As for a comment on real news. It's not that rare to find parallels to slavery in current events: the current prison boom, for example, allows predominantly white regions like upstate New York to get extra representation in congress by adding non-voting poor people of color to their state's populations, just like the 3/5 clause let South Carolina, Georgia, etc. to be disproportionately powerful in the House of Representatives during slavery days.
I also often use anti-immigration rhetoric to explain how whites in the 19th century could be both anti-slavery and anti-Black, as they were in the Free Soil party.
However, it wasn't until this week that a student offered a parallel between pro-slavery arguments of the 19th century and the political discourse of today. Although it's true that big business wants an easily controlled and rightless workforce and will therefore continue to support illegal immigration, they rarely do so with any overt arguments in favor of cheap labor. With Bush's guestworker program, that's changing.
My students recently read John Quincy Adams' diary entries describing his conversations with pro-slavery Southerner, John Calhoun, during the Missouri compromise debates of 1820. Calhoun's argument to John Quincy Adams was that slavery uplifted white workers who never had to lower themselves by doing the work of domestic house-servants. It was as I was explaining this pro-slavery argument that a student raised her hand and said, "Like George Bush just said about immigrants." My first comment was somewhat dismissive oh no - it's not that blatant... but I had to stop myself seconds later and concede that it really WAS that blatant. The arguments in Bush's no-amnesty, no-citizenship guest-worker program are very similar to the pro-slavery argument that we need workers to do jobs that are beneath Americans.
See for yourself.
John Calhoun as recorded in Adams' diary, 1820:
After this meeting, I walked home with Calhoun, who said that the principles which I had avowed were just and noble: but that in the Southern country, whenever they were mentioned, they were always understood as applying only to white men. Domestic labor was confined to the blacks, and such was the prejudice, that if he, who was the most popular man in his district, were to keep a white servant in his house, his character and reputation would be irretrievably ruined...I said that this confounding of the ideas of servitude and labor was one of the bad effects of slavery: but he thought it attended with many excellent consequences. It did not apply to all kinds of labor—not, for example, to farming. He himself had often held the plough: so had his father. Manufacturing and mechanical labor was not degrading. It was only manual labor—the proper work of slaves. No white person could descend to that. And it was the best guarantee to equality among the whites. It produced an unvarying level among them. It not only did not excite, but did not even admit of inequalities, by which one white man could domineer over another.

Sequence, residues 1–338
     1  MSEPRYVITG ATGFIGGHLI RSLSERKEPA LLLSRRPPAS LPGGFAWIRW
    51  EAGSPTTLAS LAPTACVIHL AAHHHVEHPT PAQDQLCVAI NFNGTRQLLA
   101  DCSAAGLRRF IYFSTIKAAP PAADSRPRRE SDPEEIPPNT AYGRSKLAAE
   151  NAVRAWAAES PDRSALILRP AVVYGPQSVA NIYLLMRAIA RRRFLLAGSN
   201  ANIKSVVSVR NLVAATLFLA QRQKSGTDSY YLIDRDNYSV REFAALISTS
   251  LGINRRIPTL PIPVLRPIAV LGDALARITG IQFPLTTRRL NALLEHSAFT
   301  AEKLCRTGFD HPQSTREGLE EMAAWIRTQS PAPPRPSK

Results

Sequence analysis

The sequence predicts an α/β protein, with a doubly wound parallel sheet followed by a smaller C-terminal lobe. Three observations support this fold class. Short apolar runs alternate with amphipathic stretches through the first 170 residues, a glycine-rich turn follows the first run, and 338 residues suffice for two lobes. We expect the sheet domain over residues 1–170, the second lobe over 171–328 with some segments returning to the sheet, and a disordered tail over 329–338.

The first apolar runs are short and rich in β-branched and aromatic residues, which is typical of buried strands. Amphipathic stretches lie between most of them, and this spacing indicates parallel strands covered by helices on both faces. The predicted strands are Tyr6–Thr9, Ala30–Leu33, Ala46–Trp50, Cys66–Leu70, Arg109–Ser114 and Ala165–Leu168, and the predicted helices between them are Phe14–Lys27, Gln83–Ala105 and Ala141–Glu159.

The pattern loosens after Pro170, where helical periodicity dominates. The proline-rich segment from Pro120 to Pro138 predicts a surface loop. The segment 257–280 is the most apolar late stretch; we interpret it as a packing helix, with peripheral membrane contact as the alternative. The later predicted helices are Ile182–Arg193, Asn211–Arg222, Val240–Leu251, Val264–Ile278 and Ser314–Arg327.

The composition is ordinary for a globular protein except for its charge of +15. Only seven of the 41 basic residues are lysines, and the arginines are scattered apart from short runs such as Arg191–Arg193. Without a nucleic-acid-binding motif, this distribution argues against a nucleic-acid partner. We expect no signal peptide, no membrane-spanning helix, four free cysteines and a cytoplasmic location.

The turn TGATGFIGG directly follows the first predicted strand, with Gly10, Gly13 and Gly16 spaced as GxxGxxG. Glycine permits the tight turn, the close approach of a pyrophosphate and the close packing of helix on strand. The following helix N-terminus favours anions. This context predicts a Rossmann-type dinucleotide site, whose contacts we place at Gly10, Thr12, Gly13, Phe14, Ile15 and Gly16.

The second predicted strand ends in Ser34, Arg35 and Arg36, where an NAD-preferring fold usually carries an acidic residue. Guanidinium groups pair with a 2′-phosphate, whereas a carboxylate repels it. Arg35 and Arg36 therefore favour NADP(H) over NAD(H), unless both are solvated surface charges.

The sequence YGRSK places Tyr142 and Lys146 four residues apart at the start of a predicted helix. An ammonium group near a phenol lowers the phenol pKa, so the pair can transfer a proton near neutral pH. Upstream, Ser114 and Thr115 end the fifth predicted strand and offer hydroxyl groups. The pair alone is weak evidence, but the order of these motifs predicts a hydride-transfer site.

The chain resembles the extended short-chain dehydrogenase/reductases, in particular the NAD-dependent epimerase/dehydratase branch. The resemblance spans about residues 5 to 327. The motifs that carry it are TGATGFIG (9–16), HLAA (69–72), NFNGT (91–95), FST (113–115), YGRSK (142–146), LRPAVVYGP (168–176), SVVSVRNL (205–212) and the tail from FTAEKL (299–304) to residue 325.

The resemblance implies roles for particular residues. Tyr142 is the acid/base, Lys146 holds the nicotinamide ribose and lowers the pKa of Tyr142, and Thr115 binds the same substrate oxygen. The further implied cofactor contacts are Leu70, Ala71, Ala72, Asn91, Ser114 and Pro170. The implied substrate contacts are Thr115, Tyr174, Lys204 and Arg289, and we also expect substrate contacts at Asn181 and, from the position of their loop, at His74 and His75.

Bush (March 25,2006):
As we debate the immigration issue, we must remember there are hardworking individuals, doing jobs that Americans will not do, who are contributing to the economic vitality of our country.
He doesn't quite say that it elevates white people or American citizens, but it's close.
For an alternative and equally problematic view, Thom Hartman has a weird article on Common Dreams. I admit that I posted this link without having read the entire article and that as I was running in the park I heard Marc Maron mention it on the radio show and realized that I was overquick in posting it here with the adjective "good" affixed. See, here's what I thought when I skimmed Hartman's article and saw comments about labor hours. I thought Hartmann's point was going to be that labor's biggest problem isn't "illegal immigrants," it's the lengthening work day and the increased productivity that some people call "lean production," and that I refer to as "speed up."
The worst thing about Hartmann's essay is its reference to the labor movement's role in pushing for immigration restriction legislation in the 1920s as in some kind of proud and now abandoned tradition. What he neglects to mention is that labor during the 1920s under Gompers was experiencing net losses in membership as it made concession to business and backed away from militancy. It wouldn't be until the 1930s, when labor unions began organizing the stigmatized immigrants and children of immigrants that labor finally gained meaningful political power in the US. So fooey on Thom Hartmann.